Brad Dokken is a reporter and editor of the Herald's Sunday Northland Outdoors pages. Dokken joined the Herald company in November 1985 as a copy editor for Agweek magazine and joined the Herald staff in 1989. He worked as a copy editor in the features and news departments before becoming outdoors editor in 1998. He also writes a blog called Compass Points. A Roseau, Minn., native, Dokken is a graduate of Bemidji State University.
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Dr. Kayla Odegard, of Grand Forks, N.D., shot this moose with a bow Sept. 14 while hunting between Rock Lake and Sarles, N.D. According to her dad, Dr. Rick Odegard, she drew one of the once-in-a-lifetime tags the first time she applied.
We could see the ice was safe—at least 6 inches thick—judging by the depth of the tiny fissures that spidered across the crystal-clear surface of the frozen pond. Still, the sound of the ice groaning and popping as we took our first tentative steps, checking with a spud bar every few feet to make sure it was safe, was just as unsettling as I remembered it. The ice was in a talkative mood that afternoon. I've spent hundreds, if not thousands, of hours on the ice over the years, but I'll never get used to that sound.
PULASKI TOWNSHIP, N.D. — Things are hopping on this crisp November afternoon as members of the Duray and Kasprick hunting clan get together to mark a seasonal rite of work and pleasure. It's sausage-making time, and this 24-by-24-foot heated shop east of Warsaw, N.D. — an area rich in Polish heritage and tradition — is absolutely bustling with activity.
Turkey will take center stage at dinner tables across the country Thursday when Americans sit down for their Thanksgiving feasts, but many hunters will be giving thanks for the wild birds, which provide hunting opportunities in both North Dakota and Minnesota. "I used to love elk hunting, and then I got a taste of turkey hunting," said Kristi Coughlon, an information officer for the Minnesota Department of Natural Resources in Bemidji and—you guessed it—an avid turkey hunter.
GRAND FORKS — As a parent with a passion for sharing the outdoors with his kids, Cal Helgeson is frustrated. Given the potential challenges young deer hunters in North Dakota face after drawing their two youth deer hunting tags, he's probably not alone.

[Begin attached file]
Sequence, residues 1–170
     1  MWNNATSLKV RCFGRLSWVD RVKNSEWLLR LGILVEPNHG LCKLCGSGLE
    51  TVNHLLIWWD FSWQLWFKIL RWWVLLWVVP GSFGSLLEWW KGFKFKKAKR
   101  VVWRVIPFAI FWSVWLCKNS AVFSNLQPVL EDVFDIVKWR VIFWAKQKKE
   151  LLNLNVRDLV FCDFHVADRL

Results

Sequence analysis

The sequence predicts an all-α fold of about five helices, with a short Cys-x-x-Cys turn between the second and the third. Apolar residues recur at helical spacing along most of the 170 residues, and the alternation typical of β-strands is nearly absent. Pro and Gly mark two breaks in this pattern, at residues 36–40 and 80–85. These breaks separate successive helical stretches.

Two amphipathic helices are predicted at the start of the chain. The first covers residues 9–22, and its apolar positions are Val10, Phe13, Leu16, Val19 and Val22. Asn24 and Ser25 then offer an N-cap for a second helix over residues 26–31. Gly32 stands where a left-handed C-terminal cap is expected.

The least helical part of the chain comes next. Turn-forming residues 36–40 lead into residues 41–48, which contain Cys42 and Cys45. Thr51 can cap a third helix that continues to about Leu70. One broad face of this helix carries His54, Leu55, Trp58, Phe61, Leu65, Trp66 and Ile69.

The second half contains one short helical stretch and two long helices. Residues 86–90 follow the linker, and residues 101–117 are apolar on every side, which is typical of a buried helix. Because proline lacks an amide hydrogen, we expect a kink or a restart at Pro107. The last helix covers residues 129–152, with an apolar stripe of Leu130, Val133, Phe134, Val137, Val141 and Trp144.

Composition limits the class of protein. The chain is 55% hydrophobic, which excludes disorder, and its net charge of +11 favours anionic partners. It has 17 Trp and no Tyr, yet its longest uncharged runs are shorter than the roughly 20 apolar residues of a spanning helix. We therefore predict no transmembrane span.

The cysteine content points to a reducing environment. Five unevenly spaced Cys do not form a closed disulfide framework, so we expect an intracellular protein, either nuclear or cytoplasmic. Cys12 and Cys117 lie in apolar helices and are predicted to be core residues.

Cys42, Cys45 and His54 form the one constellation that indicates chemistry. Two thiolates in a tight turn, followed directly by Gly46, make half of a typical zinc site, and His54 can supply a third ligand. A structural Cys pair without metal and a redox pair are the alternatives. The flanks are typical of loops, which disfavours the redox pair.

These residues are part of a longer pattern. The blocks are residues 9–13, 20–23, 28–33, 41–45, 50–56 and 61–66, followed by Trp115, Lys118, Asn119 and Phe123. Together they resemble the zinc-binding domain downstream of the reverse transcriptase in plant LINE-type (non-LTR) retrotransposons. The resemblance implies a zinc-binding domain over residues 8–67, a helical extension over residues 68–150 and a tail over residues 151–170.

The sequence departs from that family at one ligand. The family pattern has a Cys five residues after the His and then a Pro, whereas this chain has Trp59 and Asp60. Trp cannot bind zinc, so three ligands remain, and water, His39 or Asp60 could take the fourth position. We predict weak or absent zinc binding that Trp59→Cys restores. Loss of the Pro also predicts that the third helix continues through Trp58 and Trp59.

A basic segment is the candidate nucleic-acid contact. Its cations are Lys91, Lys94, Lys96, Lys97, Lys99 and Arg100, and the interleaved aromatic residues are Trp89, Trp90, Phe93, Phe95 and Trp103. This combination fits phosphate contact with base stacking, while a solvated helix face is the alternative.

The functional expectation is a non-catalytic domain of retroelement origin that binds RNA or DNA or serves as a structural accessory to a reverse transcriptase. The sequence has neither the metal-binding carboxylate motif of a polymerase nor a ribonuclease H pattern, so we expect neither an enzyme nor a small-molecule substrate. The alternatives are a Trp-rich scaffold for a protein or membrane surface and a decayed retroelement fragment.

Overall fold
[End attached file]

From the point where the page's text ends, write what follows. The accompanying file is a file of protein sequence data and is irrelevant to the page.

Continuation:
GRAND FORKS — When Tommy Sullivan transferred to Grand Forks Air Force Base in 2012 from Edwards AFB in California, he bought a new .30-06 rifle in hopes of drawing a tag for North Dakota's regular deer gun season, which opens at noon Friday, Nov. 10. He's still hoping. "I haven't even shot at a deer with it yet," said Sullivan, 31, a technical sergeant who lives near Thompson, N.D.
This isn't a deer hunting story, as such, but as memorable buck encounters go, it ranks right up there for Paul Edman, Richard Edman and Dan Edman—three brothers who grew up in Warren, Minn., and were attending Bemidji State University at the time. Dan Edman, who teaches construction electricity at Northland Community and Technical College in East Grand Forks and still lives in Warren, reached out to share the story of the day back in the early '70s when he and his two older brothers rescued a buck in distress. Without their help, the deer likely would have perished.
Hunters who were fortunate enough to draw a North Dakota deer gun license this fall should have a decent shot at bagging a deer, officials say. In that sense, the deer season outlook is similar to the past couple of years, said Jeb Williams, wildlife chief for the North Dakota Game and Fish Department in Bismarck. North Dakota's 16½-day deer gun season opens at noon Friday, Nov. 10 and continues through Sunday, Nov. 26.
GRAND FORKS—Andy Schoneich isn't a duck hunter, but he loves wildlife and does the occasional woodcarving when he gets the time. Developing a passion for the old wooden decoys that duck hunters used before the days of molded plastic was a natural progression. "There's a large number of collectors of the old wooden hunting decoys," Schoneich said. "Some of these decoys have exceeded $1 million and sit in some pretty prestigious collections."
GRAND FORKS—Be careful out there, motorists in Grand Forks County. Critters are on the move, and you never know what's going to run across the road. The latest unusual collision of wildlife and wheels occurred about 6:30 a.m. Friday, when a motorist hit and killed a bear on Grand Forks County Road 33, about halfway between Manvel and Gilby, near the intersection of County Road 3, authorities say.